Fluocell for Ratiometric and High-throughput Live-cell Image Visualization and Quantitation
- 1University of California, San Diego, United States
- 2Changzhou University, China
Spatiotemporal regulation of molecular activities dictates cellular function and fate. Investigation of dynamic molecular activities in live cells often requires the visualization and quantitation of fluorescent ratio image sequences with subcellular resolution and in high throughput. Hence, there is a great need for convenient software tools specifically designed with these capabilities. Here we describe a well-characterized open-source software package, Fluocell, customized to visualize pixelwise ratiometric images and calculate ratio time courses with subcellular resolution and in high throughput. Fluocell also provides group statistics and kinetic analysis functions for the quantified time courses, as well as 3D structure and function visualization for ratio images. The application of Fluocell is demonstrated by the ratiometric analysis of intensity images for several single-chain Förster (or fluorescence) resonance energy transfer (FRET)-based biosensors, allowing efficient quantification of dynamic molecular activities in a heterogeneous population of single live cells. Our analysis revealed distinct activation kinetics of Fyn kinase in the cytosolic and membrane compartments, and visualized a 4D spatiotemporal distribution of epigenetic signals in mitotic cells. Therefore, Fluocell provides an integrated environment for ratiometric live-cell image visualization and analysis, which generates high-quality single-cell dynamic data and allows the quantitative machine-learning of biophysical and biochemical computational models for molecular regulations in cells and tissues.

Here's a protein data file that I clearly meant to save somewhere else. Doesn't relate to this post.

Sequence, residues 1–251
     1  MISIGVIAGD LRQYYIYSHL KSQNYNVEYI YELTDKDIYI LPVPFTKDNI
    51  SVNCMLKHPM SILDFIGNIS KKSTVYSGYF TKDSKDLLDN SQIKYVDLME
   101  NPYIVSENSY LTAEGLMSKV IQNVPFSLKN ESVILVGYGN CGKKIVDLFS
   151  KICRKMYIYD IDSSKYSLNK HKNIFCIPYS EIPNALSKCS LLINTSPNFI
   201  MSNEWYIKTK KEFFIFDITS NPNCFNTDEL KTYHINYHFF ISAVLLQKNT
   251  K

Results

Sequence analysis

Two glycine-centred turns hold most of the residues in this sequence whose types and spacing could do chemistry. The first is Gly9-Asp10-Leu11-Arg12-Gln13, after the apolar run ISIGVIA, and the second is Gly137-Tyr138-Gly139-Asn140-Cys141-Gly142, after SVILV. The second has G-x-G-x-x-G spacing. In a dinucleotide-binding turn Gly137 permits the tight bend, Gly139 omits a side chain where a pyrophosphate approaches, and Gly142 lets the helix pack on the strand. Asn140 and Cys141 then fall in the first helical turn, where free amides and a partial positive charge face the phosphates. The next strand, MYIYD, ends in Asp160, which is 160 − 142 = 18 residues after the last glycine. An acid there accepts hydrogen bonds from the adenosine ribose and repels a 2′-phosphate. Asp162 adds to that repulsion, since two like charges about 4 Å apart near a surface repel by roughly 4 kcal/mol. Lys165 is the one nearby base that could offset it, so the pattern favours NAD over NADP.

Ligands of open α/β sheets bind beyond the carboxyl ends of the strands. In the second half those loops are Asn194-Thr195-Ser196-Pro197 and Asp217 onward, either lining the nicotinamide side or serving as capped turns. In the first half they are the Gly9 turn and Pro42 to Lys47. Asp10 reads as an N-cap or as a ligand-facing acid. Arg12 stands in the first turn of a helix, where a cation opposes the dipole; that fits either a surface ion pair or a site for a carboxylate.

Keywords: Ratiometric, high-throughput, Live-cell image, visualization, Molecular activity, Dynamic signal
Received: 09 Jul 2019;
Accepted: 23 Sep 2019.
Copyright: © 2019 Lu, Qin, Laub, Shi, Ouyang, Peng, Zhang and Wang. This is an open-access article distributed under the terms of the Creative Commons Attribution License (CC BY). The use, distribution or reproduction in other forums is permitted, provided the original author(s) and the copyright owner(s) are credited and that the original publication in this journal is cited, in accordance with accepted academic practice. No use, distribution or reproduction is permitted which does not comply with these terms.
* Correspondence: Dr. Shaoying Lu, University of California, San Diego, San Diego, United States, firstname.lastname@example.org